I should like to share with you some thoughts about modernity and modernization that are drawn from notes I took during a visit in October 1992 to Hachinohe in Aomori Prefecture in northern Japan. I report from these notes mainly as a historian and partly as an amateur ethnographer without any special claim to “ethnographic authority.”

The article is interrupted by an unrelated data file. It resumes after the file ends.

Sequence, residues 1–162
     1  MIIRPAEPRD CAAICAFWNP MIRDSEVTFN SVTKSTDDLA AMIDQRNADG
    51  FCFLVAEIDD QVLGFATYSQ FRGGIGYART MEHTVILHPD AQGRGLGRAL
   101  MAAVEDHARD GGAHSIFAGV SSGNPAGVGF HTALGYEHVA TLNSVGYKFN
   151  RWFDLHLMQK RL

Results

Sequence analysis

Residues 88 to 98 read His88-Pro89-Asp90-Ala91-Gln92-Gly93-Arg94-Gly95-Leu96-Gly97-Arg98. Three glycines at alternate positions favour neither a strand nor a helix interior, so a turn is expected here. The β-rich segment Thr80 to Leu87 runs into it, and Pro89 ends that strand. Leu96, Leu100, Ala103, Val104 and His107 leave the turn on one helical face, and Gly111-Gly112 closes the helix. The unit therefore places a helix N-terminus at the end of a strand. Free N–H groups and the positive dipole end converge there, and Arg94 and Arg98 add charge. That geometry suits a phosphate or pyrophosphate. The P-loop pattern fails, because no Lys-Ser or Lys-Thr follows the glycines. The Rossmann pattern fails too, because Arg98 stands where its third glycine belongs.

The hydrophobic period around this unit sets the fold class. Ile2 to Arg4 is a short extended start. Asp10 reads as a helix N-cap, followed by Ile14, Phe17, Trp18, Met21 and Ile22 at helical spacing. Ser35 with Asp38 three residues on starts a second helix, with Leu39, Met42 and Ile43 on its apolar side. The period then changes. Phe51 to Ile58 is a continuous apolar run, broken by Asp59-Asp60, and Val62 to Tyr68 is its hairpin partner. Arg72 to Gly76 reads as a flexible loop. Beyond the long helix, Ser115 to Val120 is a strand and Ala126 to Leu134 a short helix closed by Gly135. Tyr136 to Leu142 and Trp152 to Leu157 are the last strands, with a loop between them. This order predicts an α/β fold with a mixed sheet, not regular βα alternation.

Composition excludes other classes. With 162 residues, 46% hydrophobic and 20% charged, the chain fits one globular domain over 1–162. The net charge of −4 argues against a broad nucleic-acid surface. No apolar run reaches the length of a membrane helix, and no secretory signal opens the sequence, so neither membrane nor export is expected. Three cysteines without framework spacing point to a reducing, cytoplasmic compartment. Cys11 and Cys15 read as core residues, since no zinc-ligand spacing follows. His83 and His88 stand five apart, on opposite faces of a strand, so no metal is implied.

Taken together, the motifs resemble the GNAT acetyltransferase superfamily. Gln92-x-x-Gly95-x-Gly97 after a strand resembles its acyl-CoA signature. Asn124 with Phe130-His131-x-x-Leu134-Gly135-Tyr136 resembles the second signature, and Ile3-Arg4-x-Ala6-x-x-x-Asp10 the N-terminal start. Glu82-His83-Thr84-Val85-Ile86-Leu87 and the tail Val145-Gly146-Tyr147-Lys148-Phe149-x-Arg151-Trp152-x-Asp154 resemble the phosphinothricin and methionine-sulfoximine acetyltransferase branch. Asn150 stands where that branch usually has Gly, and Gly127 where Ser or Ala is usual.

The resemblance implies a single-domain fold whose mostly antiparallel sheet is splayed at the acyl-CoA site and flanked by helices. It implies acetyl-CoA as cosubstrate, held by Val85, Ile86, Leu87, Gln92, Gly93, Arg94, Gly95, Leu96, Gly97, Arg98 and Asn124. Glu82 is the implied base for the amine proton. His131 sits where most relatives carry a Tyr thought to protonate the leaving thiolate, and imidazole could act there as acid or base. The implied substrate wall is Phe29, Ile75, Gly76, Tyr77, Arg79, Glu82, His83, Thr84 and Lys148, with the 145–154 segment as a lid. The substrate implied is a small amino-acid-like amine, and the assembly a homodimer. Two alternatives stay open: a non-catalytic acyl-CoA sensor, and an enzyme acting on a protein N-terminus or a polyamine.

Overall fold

On that occasion, some one thousand citizens from the region gathered in Hachinohe to celebrate the 290th anniversary of the birth of Andō Shōeki (1703–62), the provocative eighteenth-century thinker and physician who practiced in this former castletown. I had been invited to give a lecture at a symposium on “Andō Shōeki and Today” and the “sympathetic relationship between community and nature” (Najita 1993).

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